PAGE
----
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Posts Tagged ‘Book Recommendations’

Mystery Monday Review – The Complete Curious Mr. Tarrant

Monday, July 15th, 2019

The Complete Curious Mr. Tarrant by C. Daly King

Review by Matt B. (BuffaloSavage)

 

Readers that like Ellery Queen or Philo Vance may also like the stories in The Curious Mr. Tarrant (C. Daly King, 1885-1963). Set in the mid-1930s, Trevis Tarrant is a gentleman of means, filling his leisure with solving strange and scary happenings. He is ably assisted by his Japanese valet-butler Katoh, who, though inconsistent with being a medical doctor and master spy, speaks preposition and article-free English (what was author King thinking?).

This book has eight short stories of bizarre cases and sometimes gruesome killings. By an American author but never published in the US until Dover released a facsimile edition (ISBN 0486235408) that preserves the old font and British English spellings. It’s mildly disconcerting to hear the tone of true-blue American lunk head (narrator Jerry Phelan) but read “recognise” and “kerb.”

This novel survives among hard-core readers of classic mysteries partly because it is listed in Ellery Queen’s Quorum: The 125 Most Important Books of Detective-Crime Mystery Short Stories.

 

 

 

 

 

 

Fiction Review – Searching for Sylvie Lee

Wednesday, July 10th, 2019

Searching for Sylvie Lee: A Novel

Searching for Sylvie Lee by Jean Kwok

Review by Mirah W (mwelday)

I am a big fan of Jean Kwok. I read Mambo in Chinatown in one day and thoroughly enjoyed Girl in Translation. Kwok creates characters who are strong yet vulnerable and makes them relatable to any culture. When I learned of Kwok’s newest release, Searching for Sylvie Lee, I knew I had to add it to my summer reading list. Kwok’s novel was also selected as the Read with Jenna Today Show Book Club selection for June and is a NY Times bestseller so there was a lot of buzz that encouraged me to read it!

Sylvie Lee is the oldest daughter of Chinese immigrants and, from the outside, it looks like she has everything together. She is college educated, leading an accomplished career, beautiful and married to a handsome husband. Her parents are extremely proud of what she has accomplished and her younger sister Amy adores her.  Sylvie spent her early years in the Netherlands with her grandmother and aunt’s family and when her grandmother is ailing, Sylvie returns to the Netherlands to see her grandmother one more time. When Sylvie’s family realizes she has gone missing in the Netherlands, Amy travels there to try to get answers and find Sylvie. In the process of her search, Amy learns a lot about herself and inner strength, but she also learns the secrets of Sylvie’s life and the truth of how she went missing.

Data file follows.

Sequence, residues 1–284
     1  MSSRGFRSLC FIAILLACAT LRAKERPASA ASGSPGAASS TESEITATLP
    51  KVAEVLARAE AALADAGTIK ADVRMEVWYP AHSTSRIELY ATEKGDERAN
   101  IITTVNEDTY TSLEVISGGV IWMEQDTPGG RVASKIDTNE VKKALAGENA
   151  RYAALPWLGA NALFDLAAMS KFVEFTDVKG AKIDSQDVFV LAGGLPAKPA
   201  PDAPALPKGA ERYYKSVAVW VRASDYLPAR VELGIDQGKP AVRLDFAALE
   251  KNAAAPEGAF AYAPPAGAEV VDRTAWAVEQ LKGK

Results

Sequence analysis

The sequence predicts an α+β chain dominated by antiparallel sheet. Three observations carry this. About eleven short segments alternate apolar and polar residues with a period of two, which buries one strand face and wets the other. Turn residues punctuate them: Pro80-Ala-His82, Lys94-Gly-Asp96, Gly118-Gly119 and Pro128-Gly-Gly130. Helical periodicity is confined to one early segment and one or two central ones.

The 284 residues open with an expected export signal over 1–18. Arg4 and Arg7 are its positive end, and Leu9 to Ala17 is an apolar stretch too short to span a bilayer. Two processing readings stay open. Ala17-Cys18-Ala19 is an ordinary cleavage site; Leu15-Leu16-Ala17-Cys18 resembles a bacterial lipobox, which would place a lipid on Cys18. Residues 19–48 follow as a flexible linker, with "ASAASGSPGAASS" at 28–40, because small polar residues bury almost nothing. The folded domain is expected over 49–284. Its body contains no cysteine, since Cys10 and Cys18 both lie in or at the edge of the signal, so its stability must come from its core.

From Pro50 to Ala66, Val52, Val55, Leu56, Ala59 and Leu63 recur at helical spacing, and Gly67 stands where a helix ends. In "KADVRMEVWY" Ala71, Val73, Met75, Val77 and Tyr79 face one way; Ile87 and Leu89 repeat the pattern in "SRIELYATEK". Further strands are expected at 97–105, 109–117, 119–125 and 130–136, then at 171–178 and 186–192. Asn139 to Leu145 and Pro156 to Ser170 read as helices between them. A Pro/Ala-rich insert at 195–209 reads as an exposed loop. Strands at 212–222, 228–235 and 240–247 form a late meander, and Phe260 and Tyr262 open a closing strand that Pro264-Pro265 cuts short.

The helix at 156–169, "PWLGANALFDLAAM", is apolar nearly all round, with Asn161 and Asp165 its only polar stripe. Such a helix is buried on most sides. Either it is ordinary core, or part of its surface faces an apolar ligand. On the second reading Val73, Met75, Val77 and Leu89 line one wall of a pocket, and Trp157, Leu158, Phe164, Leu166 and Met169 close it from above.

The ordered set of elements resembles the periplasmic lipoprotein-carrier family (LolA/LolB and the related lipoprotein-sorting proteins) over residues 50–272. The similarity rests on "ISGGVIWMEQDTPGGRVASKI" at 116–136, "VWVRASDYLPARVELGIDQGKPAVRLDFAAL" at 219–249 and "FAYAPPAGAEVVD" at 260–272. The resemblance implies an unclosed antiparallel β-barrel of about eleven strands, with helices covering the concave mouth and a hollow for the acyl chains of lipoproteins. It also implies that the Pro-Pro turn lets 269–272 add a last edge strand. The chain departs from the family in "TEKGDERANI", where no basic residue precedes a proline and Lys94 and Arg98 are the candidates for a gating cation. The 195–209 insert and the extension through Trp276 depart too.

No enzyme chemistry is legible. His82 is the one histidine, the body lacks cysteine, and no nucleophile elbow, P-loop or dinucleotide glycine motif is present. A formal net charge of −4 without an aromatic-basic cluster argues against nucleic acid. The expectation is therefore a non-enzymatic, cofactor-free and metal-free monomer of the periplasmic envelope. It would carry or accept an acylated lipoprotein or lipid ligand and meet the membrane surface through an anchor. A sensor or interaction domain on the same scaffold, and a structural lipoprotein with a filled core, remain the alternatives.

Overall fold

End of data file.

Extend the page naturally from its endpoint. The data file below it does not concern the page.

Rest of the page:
Searching for Sylvie Lee is a intricate, poignant story about family secrets and family dynamics that impact every family member in a different way. I wasn’t expecting the range of emotions I experienced while reading this book. I had moments of anger, confusion, joy and sadness; it actually took me a few days to wrap my mind around all of the emotions and process them all. Kwok created a family that was damaged and loving at the same time. Some people hurt each other through their love and others wanted to support each other through love, and isn’t that such an accurate portrayal of real life? People do all kinds of things in the name of love, good and bad.

Kwok’s novel was emotionally deeper than I was expecting. I loved the complexity of the characters and how they were relatable in spite of that complexity. The way that Kwok reveals the story through the various characters’ voices is intelligent and engrossing, yet easy to read. I am giving this book 4 out of 5 stars. I really enjoyed it and the themes were deep and emotional. Kwok navigates the waters of family drama with heart and soul. I would highly recommend adding Searching for Sylvie Lee to your summer reading list!

While you’re on PBS, check out my reviews of Kwok’s Mambo in Chinatown (review here) and Girl in Translation (review here) on the PaperBackSwap Blog!  I would love to know if you also enjoy Kwok’s novels and your thoughts on any of her books!

 

 

 

 

Mystery Monday Review – The Continental Op

Monday, July 8th, 2019

The Continental Op by Dashiell Hammett

Review by Matt B. (BuffaloSavage)

 

Published by Dell in 1967, this pocket paperback bundled about half the pulp magazine long stories that appeared in a collection called The Big Knockover. I re-read these stories in my little free time since I didn’t feel up to reading anything else. The year-end festivities and the end of a semester are exhausting.

Hammett’s hero works in the San Francisco branch of the Continental Detective Agency in the 1920s. To make up for not having a name, he has developed an astute sense of how bad guys think. His core competence is using devious, often violent, methods to get the job done.